Bruce Cleveland, ex Siebel and now a VC, knows enterprise software as well as anyone. He writes at Sandhill.com about themes I harp about all the time – lock-in of the MISO vendors , lack of funding for enterprise software startups, innovation stagnation. In fact he has a bleak title “The Death of Enterprise Software?”
He then proposes a “spin in”
“a company formed with the explicit endorsement and investment - including personnel, cash and IP - by a large software company and venture investors. The express purpose of the spin-in is to build strategic products and/or go after new markets with the ultimate objective that the large software company will acquire the spin in at some point in the future.”
Having just come from Sapphire and seeing SAP’s struggles with BusinessByDesign, you wonder what if SAP had funded it as a separate company?
But then I rethink. With the spin in model, the very forces that are killing the software industry would continue to rule it. Not a personal statement, that of customers.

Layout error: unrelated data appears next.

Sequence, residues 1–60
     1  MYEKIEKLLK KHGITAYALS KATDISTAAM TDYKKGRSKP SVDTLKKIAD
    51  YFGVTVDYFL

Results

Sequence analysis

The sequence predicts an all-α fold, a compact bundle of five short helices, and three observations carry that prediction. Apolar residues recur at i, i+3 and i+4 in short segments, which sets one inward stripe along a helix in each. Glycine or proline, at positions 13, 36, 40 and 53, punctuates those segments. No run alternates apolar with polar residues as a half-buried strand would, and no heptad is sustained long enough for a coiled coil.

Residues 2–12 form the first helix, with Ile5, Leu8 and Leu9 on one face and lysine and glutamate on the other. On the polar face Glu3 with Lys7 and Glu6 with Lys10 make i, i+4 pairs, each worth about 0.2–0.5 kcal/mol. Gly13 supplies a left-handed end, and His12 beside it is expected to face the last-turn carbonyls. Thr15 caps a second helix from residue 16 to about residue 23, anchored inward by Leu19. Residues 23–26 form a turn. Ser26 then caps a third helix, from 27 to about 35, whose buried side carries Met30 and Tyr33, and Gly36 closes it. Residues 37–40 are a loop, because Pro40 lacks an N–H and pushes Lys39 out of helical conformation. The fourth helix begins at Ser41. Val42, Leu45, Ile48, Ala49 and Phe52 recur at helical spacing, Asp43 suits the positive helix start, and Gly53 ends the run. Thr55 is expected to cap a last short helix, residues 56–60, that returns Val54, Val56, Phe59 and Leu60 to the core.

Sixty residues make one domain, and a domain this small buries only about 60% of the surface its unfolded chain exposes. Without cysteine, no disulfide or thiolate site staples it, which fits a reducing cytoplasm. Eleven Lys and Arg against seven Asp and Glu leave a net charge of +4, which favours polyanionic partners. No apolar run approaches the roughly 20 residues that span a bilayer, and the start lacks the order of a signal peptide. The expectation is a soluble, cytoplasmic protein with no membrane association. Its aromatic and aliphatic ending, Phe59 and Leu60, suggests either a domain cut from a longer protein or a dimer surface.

I have heard from at least a few potential buyers they will not consider salesforce.com or NetSuite even as they look at SaaS because they think they are closet “spin in” candidates for Oracle (Larry Ellison has investments in both). You can argue till you are blue that is an irrational fear – but the emotion is out there and a statement on the angst a growing number of buyers are feeling against MISO.
Not a day goes by where I do not hear about shenanigans one of the MISO executives or salespeople has pulled off somewhere and royally pissed off a customer or set of customers. This week Microsoft had the gall to tell some of its customers to say “stop Vista deployment” after haranguing them last couple of years to get there. And it is still including in proposals to some customers they implement it. See the open letter Bob Evans at Information just sent Leo at SAP. Dennis Howlett reported yesterday on Oracle’s games with virtualized deployments. It’s to the point where I don’t even flinch when I hear such reports.
I think the only way the enterprise software industry blossoms again is the role of MISO continues to diminish. It’s already happening. SaaS, Third Party Maintenance, Open Source, BPO, Vertically specialized software, Custom development are all chiseling away at the MISO base.
What we need is for tech buyers and investors like Bruce to keep encouraging these disruptive and innovative players.
Life is about balance. MISO has a role to play. It just needs to be a 25% of enterprise budget role. Then may be we can talk about their “spin ins”